BTW: Never grade in iMovie (don't know for PE, but could be the same). It computes in 8-bit (that's why it feels so fast). That means you can only make one change without quickly losing quality ...

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Hi mercer, I am using resolve 11 lite too, on a 2009 macbook:). So i know the trouble with the small screen. Basic color grading is possible, but masking becomes really too difficult with such a small screen. As it is a grading program, i think you should not actually use an auto color mode here;) ...that could be done in a program like imovie 11 just as easy.

-First you should make yourself familiar with the nodes in the upper right corner. Just create a new serial node....and in that one you can go crazy with all the sliders and learn what will happen when you push what slider. ⌘-D will disable your note and you can check back and forth with your original footage.

-Histogram scope is you best friend, never work without it if you dont have a perfectly calibrated screen.

-And last you should get some LUTs. There are free ones online. They can be really useful to achieve certain looks.

 

Hey Celli, thanks for the response. Unfortunately, I am your typical male, so I try to figure stuff out without directions... So I thought to myself... What the eff is a node? But that makes sense... Use nodes for different versions. My other issue, which I have googled the shit out of is... The top right panel of the program, where the nodes are, is cut off. I am using a new 11" MacBook Air, so I assume that's why, but most programs I have dealt with lets you reposition windows. The strange part is that I can see the entire bottom panels. But my real question is, how do you get different shots to match? I guess that's where LUTS come in? In the tutorial I watched about scopes, the guy used the histogram and primaries to balance and adjust blacks and whites and his rgb, but in my version of Resolve, the scope looks different and you can't see much of any blacks or whites on either end of the histogram. I do shoot dark footage, so I would assume there would be a good portion of blacks... Idk, maybe I'm not reading the histogram correctly. Back to google. Anyway, thanks for your help.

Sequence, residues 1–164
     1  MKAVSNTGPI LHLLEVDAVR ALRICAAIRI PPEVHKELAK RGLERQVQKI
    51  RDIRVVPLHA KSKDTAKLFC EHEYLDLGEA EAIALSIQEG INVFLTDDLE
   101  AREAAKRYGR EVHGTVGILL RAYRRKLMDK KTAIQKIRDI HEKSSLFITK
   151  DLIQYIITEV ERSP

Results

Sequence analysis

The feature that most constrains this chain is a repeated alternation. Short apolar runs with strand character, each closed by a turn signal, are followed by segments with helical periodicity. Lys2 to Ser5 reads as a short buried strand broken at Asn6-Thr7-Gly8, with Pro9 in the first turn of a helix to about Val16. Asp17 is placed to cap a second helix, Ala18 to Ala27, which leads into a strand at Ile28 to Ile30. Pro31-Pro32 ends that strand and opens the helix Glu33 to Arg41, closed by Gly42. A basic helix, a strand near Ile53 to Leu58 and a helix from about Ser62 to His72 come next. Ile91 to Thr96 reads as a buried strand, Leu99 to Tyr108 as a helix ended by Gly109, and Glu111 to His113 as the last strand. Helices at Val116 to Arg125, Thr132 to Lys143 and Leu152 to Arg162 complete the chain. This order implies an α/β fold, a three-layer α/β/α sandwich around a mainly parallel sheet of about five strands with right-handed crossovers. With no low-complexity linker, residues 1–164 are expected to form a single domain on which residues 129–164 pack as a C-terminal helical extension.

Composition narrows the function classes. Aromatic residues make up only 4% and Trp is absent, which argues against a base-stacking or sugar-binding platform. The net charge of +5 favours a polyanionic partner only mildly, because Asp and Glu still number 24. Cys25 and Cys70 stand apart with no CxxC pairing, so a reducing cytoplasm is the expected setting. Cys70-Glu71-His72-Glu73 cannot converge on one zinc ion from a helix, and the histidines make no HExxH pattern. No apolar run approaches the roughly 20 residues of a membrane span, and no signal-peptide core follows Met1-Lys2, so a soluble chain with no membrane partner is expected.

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For now, you should read the manual to understand the basics. Leave out what is obviously not your business. For chapters 10&11 (COLOR!), you should reserve 90 minutes a day.  Read about it, see an online tutorial dealing with the specific subject and try it with your own stuff.

You can be much faster if you use keyboard shortcuts. Print out those 'cheat sheets' (google) or buy removable stickers.

Leave out the 'EDIT'-chapters for now. Resolve 12 (announced for June) will probably be a full grown NLE (multicam, audio synchronization, nesting, audio mixer), it can then substitute your beginner's NLEs.

BTW: Never grade in iMovie (don't know for PE, but could be the same). It computes in 8-bit (that's why it feels so fast). That means you can only make one change without quickly losing quality ...

Thanks Axel, I really appreciate your input. Yeah, I have to read the manual... I am usually a jump right in and tinker kind of person, but this is just too complicated for that. I am at a stage where I am trying to figure out my entire filmmaking workflow. I am not a colorist, never will be, don't want to be one, but this filmmaking racket requires us to wear a lot of hats. I would like to keep everything together... Editing, color correction and titles. Being familiar with the new iMovie I should probably just jump to FCX but... Money is tight right now. I see the potential of Resolve... it's just a little, or a lot, beyond my depth. I wish there was a quality program that just matches the look of all your shots, to me that seems to be the hardest part. Anyway, thanks for the tips...it gives me a good starting point.